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Physical Medicine and Rehabilitation for Complex Regional Pain Syndromes Medication

  • Author: Manish K Singh, MD; Chief Editor: Stephen Kishner, MD, MHA  more...
 
Updated: Mar 04, 2015
 

Medication Summary

Multiple classes of medications have been tried for patients with CRPS, often with variable results and generally with limited published research to help clinicians predict which patients will respond well to a particular medication.[29]

Analgesic drug therapy for CRPS can be divided into the following categories:

Opioid analgesics

  • Opioids are used commonly as an analgesic for many pain syndromes.
  • Opioid therapy can be a safe and good option in patients with intractable nonmalignant pain and no history of drug abuse.
  • Quang-Cantagrel and colleagues reported that failure of one opioid cannot predict the patient's response to another opioid.[30]
  • High doses of tramadol may provide effective and safe relief in neuropathic pain, including allodynia.

Nonopioid analgesics (eg, NSAIDs, acetaminophen)

  • Acetaminophen is a safe choice for treatment of pain during pregnancy and breastfeeding.
  • Nonsteroidal anti-inflammatory drugs (NSAIDs) are discussed in further detail within the tables below.

Antidepressants

Antidepressant medications play a major role in treatment of neuropathic pain.

  • Tricyclic antidepressants:
    • Amitriptyline (Elavil)
    • Imipramine (Tofranil)
    • Doxepin (Sinequan)
    • Clomipramine (Anafranil)
    • Nortriptyline (Pamelor)
  • Selective serotonin reuptake inhibitor (SSRI) antidepressants:
    • Paroxetine (Paxil)
    • Fluoxetine (Prozac)
    • Sertraline (Zoloft)
    • Escitalopram (Lexapro)
  • Other antidepressants:
    • Nefazodone (Serzone)
    • Venlafaxine (Effexor)
    • Duloxetine (Cymbalta)
    • Bupropion (Wellbutrin)

Anticonvulsants

  • Sodium channel antagonists have been used in the management of neuropathic pain for several years.
  • These medications are started slowly and are administered as needed.
  • The patient is monitored carefully.
  • Use of several anticonvulsant drugs (eg, pregabalin, carbamazepine, phenytoin, sodium valproate, clonazepam, topiramate, lamotrigine) has been tried in the treatment of RSD.
  • In studies by Nicholson and by Rowbothan and colleagues, gabapentin has been reported to be effective in the management of chronic neuropathic pain syndromes.[31]
  • Controlled studies for the effect of lamotrigine have not become available yet, but Jain notes that the drug has shown effect in neuropathic pain.
  • Ziconotide may be useful in the future for neuropathic pain, as Jain notes that it has a favorable risk/benefit ratio, with advantages over several currently available intrathecal therapies for pain.[32]

Other adjunct analgesics

  • Hewitt states that N -methyl-D-aspartate (NMDA) – receptor antagonists, including ketamine and dextromethorphan, may have potential as co-analgesics when used in combination with opioids. Some studies have shown that ketamine infusion therapy provides effective pain relief and does not have adverse cognitive effects with extended use.[33, 34]
  • Benzodiazepines, baclofen, and tizanidine may be helpful in decreasing spasm and providing pain relief.
  • Corticosteroid, mexiletine (orally active class Ib anti-arrhythmic agent), nifedipine (calcium channel blocker), propranolol (beta blocker), phenoxybenzamine (alpha blocker), and clonidine (alpha2-adrenergic agonist) are other alternatives. Some drug trials provided consistent support for analgesia with corticosteroids in the early stage and may have long-term effectiveness.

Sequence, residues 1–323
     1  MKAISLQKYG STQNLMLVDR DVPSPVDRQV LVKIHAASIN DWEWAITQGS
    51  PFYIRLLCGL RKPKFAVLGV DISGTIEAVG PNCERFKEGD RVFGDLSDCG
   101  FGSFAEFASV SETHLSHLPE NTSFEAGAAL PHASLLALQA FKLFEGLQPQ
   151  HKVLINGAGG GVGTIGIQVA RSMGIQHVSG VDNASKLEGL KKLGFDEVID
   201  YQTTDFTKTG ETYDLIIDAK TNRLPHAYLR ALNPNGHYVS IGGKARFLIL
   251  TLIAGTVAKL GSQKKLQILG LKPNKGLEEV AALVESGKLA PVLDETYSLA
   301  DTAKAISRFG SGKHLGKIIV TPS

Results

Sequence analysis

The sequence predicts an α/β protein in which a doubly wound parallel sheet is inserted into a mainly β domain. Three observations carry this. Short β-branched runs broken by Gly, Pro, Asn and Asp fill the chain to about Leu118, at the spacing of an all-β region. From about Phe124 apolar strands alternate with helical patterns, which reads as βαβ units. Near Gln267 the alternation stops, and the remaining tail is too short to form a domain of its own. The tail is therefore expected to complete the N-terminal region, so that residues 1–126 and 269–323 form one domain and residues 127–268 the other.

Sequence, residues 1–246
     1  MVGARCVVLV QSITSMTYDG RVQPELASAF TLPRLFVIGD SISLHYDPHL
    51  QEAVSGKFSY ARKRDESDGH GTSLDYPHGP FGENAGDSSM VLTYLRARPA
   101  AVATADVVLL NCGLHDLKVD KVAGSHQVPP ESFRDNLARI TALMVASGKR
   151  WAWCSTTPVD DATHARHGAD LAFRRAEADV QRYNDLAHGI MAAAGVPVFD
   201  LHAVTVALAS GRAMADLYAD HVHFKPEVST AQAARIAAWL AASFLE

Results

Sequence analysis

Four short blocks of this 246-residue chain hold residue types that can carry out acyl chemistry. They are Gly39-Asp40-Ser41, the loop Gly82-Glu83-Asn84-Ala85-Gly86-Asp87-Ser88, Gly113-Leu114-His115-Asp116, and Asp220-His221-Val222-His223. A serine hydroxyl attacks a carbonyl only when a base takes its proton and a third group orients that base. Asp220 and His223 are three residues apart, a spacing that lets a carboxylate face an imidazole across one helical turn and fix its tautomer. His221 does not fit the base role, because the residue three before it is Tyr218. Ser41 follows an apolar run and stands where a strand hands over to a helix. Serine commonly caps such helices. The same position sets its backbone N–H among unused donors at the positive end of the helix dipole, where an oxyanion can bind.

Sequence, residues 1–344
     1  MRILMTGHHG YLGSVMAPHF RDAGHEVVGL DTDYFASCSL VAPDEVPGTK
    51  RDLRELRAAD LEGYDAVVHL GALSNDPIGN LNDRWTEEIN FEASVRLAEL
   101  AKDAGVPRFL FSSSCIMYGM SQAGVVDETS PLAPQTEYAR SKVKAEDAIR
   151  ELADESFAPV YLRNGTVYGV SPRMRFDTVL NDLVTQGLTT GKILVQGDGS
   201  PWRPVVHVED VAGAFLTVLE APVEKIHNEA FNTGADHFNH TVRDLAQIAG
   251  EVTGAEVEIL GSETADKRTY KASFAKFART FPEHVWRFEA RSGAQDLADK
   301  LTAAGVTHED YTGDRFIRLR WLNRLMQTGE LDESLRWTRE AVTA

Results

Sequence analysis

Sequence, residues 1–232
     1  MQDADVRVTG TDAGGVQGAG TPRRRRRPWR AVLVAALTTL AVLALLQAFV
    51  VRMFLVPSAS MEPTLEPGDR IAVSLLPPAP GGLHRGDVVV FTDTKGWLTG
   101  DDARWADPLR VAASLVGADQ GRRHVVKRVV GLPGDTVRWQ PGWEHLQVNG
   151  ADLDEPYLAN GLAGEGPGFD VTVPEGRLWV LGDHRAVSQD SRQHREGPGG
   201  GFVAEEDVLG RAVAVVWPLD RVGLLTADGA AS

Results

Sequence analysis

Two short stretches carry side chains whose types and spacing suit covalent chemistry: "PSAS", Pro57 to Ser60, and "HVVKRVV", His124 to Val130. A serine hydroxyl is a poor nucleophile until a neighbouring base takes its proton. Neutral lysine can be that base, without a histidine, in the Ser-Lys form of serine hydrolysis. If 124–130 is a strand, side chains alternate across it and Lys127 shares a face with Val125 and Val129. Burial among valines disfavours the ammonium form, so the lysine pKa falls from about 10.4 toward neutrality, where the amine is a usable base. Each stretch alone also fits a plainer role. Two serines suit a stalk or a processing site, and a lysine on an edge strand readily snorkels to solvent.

• Lidoderm 5% patches are sometimes helpful in decreasing allodynia and providing pain relief.
  • Although it has not been approved by the Food and Drug Administration (FDA) for this indication, botulinum toxin can be considered for dystonia seen in patients with RSD.
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Nonsteroidal anti-inflammatory drugs

Class Summary

These inhibit inflammatory reactions and pain by decreasing activity of cyclo-oxygenase, which is responsible for prostaglandin synthesis. NSAIDs may provide pain relief in the early stage of RSD.

Ibuprofen (Motrin, Advil)

 

NSAIDs are used commonly for patients with mild to moderate pain. Inhibit inflammatory reactions and pain by decreasing prostaglandin synthesis.

Naproxen sodium (Anaprox, Naprelan, Naprosyn)

 

For relief of mild to moderate pain; inhibits inflammatory reactions and pain by decreasing activity of cyclo-oxygenase, which results in a decrease of prostaglandin synthesis.

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Antidepressants

Class Summary

These drugs increase the synaptic concentration of serotonin and/or norepinephrine in the CNS by inhibiting their re-uptake by the presynaptic neuronal membrane. Similar agents that can be helpful are duloxetine (Cymbalta) and venlafaxine (Effexor).

Nortriptyline (Pamelor)

 

Has demonstrated effectiveness in the treatment of chronic and neuropathic pain.

Amitriptyline (Elavil)

 

Has demonstrated effectiveness in certain chronic and neuropathic pain.

Duloxetine (Cymbalta)

 

Indicated for diabetic peripheral neuropathic pain. Potent inhibitor of neuronal serotonin and norepinephrine reuptake.

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Anticonvulsants

Class Summary

Use of certain anti-epileptic drugs, such as the GABA analogue gabapentin (Neurontin), has proven helpful in some cases of neuropathic pain. Other anticonvulsant drugs (eg, carbamazepine, phenytoin, sodium valproate or clonazepam, topiramate, lamotrigine, zonisamide, tiagabine) also have been tried in RSD.

Gabapentin (Neurontin)

 

Has anticonvulsant properties and antineuralgic effects; however, exact mechanism of action is unknown. Structurally related to GABA but does not interact with GABA receptors.

Pregabalin (Lyrica)